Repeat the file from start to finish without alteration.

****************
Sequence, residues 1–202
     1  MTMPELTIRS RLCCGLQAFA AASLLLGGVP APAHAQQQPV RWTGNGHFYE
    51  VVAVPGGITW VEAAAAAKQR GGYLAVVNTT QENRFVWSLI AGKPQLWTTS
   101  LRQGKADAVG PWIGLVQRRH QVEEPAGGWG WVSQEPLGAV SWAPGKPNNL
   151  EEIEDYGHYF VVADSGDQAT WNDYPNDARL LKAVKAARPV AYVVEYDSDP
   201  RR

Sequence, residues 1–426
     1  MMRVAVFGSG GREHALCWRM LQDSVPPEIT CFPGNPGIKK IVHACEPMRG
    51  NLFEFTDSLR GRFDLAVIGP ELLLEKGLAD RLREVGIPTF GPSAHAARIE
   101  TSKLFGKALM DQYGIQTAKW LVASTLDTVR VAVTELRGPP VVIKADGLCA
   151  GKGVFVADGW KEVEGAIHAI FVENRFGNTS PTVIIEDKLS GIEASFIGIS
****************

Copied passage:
Sequence, residues 1–202
     1  MTMPELTIRS RLCCGLQAFA AASLLLGGVP APAHAQQQPV RWTGNGHFYE
    51  VVAVPGGITW VEAAAAAKQR GGYLAVVNTT QENRFVWSLI AGKPQLWTTS
   101  LRQGKADAVG PWIGLVQRRH QVEEPAGGWG WVSQEPLGAV SWAPGKPNNL
   151  EEIEDYGHYF VVADSGDQAT WNDYPNDARL LKAVKAARPV AYVVEYDSDP
   201  RR

Sequence, residues 1–426
     1  MMRVAVFGSG GREHALCWRM LQDSVPPEIT CFPGNPGIKK IVHACEPMRG
    51  NLFEFTDSLR GRFDLAVIGP ELLLEKGLAD RLREVGIPTF GPSAHAARIE
   101  TSKLFGKALM DQYGIQTAKW LVASTLDTVR VAVTELRGPP VVIKADGLCA
   151  GKGVFVADGW KEVEGAIHAI FVENRFGNTS PTVIIEDKLS GIEASFIGIS